One final word of praise also goes out to the music of this film. Though noticeably spread apart, there is a particular cue which is very much in line with the vibe of the series. Though my auditory skills are far from amazing, listen out for what I believe to be some type of horn and maybe a xylophone, because it sounds cool. If you hear what I mean and it is not what I say, then I apologise…but you catch my drift.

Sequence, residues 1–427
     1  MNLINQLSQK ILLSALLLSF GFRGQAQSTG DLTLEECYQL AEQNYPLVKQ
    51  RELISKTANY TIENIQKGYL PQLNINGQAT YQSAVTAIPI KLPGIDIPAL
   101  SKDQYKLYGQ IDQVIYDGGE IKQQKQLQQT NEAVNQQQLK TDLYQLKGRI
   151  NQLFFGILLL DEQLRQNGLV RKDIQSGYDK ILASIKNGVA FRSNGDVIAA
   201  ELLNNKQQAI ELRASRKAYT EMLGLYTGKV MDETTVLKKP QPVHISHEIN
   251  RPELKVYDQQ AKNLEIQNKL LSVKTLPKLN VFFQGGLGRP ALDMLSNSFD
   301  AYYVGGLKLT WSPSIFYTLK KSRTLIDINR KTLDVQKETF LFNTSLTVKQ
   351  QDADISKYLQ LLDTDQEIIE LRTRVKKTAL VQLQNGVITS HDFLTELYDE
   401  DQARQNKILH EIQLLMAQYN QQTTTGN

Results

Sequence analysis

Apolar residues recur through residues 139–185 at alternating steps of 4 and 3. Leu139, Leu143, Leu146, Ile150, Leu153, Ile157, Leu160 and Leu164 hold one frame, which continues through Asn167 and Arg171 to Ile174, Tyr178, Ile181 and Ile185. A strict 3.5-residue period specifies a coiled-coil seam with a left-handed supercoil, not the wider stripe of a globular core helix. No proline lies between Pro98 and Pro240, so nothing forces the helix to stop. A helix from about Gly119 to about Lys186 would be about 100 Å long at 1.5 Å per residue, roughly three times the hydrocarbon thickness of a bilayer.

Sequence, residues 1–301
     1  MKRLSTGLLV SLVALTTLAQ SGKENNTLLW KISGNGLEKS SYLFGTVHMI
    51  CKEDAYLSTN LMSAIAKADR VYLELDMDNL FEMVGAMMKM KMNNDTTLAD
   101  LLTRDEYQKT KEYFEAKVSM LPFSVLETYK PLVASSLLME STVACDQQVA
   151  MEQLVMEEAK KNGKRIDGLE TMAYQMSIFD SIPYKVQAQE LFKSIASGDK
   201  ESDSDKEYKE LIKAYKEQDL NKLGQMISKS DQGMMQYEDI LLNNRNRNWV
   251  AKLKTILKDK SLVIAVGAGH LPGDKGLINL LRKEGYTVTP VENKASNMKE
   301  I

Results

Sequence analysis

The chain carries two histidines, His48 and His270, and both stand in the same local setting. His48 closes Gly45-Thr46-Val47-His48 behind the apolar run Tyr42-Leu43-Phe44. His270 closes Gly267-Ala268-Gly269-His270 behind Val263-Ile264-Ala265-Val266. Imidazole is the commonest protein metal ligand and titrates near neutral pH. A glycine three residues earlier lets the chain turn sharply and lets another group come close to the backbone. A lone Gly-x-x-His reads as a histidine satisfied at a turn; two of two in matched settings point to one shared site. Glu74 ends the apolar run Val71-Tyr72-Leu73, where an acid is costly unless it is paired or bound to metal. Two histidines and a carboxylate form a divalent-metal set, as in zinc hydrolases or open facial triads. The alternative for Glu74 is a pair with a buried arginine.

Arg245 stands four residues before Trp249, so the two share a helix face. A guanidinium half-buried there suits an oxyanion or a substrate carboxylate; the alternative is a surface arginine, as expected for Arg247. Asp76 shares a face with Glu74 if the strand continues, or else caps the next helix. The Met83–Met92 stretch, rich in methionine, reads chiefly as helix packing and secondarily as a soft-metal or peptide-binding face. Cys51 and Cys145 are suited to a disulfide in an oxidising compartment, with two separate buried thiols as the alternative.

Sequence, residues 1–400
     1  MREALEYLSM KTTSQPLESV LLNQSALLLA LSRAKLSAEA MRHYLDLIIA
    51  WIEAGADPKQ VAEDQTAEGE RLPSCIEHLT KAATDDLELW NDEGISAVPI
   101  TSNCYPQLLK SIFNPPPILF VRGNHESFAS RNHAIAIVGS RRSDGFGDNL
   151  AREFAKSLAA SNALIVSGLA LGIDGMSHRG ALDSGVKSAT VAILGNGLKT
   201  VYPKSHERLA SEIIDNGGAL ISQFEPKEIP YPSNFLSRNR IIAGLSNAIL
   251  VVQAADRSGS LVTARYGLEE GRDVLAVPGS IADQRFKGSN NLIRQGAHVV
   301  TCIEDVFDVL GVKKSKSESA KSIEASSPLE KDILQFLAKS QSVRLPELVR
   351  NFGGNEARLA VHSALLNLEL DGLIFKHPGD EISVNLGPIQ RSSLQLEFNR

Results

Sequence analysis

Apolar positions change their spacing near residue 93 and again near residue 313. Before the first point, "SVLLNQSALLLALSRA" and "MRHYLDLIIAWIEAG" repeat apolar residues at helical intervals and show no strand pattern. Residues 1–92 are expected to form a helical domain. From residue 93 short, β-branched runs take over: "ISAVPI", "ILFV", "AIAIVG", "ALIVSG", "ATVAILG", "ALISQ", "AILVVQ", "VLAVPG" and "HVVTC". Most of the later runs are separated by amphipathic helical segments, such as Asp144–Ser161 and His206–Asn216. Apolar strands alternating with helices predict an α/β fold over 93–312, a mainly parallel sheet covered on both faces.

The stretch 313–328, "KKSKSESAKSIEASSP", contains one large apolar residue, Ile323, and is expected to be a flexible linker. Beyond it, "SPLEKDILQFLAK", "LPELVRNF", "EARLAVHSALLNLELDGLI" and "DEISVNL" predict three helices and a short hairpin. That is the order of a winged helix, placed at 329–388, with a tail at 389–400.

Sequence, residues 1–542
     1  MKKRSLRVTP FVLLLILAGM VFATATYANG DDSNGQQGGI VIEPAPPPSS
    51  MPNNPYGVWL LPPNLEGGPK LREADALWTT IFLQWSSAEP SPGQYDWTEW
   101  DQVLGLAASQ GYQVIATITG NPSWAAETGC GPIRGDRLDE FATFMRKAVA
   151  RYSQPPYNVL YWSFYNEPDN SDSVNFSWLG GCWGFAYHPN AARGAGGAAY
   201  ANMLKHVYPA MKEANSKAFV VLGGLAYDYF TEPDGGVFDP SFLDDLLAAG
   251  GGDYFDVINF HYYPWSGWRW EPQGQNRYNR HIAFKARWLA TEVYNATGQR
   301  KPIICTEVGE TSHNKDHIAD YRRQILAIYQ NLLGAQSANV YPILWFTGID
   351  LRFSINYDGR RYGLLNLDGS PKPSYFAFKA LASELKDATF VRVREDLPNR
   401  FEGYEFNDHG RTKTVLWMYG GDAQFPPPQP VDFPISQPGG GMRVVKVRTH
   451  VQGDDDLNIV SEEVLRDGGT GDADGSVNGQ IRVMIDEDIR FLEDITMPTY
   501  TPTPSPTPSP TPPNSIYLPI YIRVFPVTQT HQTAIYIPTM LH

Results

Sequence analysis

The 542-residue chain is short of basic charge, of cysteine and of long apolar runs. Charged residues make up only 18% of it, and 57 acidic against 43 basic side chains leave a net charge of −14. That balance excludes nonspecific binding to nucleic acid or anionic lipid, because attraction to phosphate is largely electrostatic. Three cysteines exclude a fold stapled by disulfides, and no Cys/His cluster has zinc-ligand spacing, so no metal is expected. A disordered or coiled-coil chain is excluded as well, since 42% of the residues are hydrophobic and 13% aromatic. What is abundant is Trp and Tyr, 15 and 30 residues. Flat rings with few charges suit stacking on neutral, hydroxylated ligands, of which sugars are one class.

As it stands, Assassination Classroom (Live Action) Part Two is on par with its thematic brother; Part One. As is so often the case with manga/anime adaptations, compressing a long running story into the running time of a film results in a product which is either sparse or bloated and Assassination Classroom leans towards both. By including so many scenes from the original, the films attempt to add a credibility to themselves as an adaptation, however the lack of available running time means that they lack the heart of the original and serve as simple fan service for those who have previously enjoyed the series. For those who have not, I can only imagine that they serve as sporadic segments that baffle and distract in the hopes of eliciting laughter. Even the more dramatic moments of the film seem to have been enacted with spectacle in mind, rather than narrative development. Though the decision to combine two series villains into a single entity was a smart decision that saved time and allowed the film to avoid a few plot detours, it still amounts to little as the supposed climax of their encounter with Korosensei and Class 3-E is over as soon as it begins. I legitimately believed that Korosensei’s final lines to said villain were the beginning of a fight sequence or a lecture, but instead they were the end of one. Just an immediate end, lacking in half of the build up expected from such a scene. It was honestly jarring and more than a little unfulfilling and that is the last thing you want to feel in a film centralised around a teacher who endeavours to uplift everyone they meet. Thus I once again repeat my belief from Assassination Classroom Part One; if you want to witness this story in a complete and more emotionally impactful form, pick up the manga or anime. If instead you want a highlight real that tells the story without the details or heart, check out this film and its precursor. You’ll still learn something from the experience, but it probably won’t be a lesson you’ll remember for long.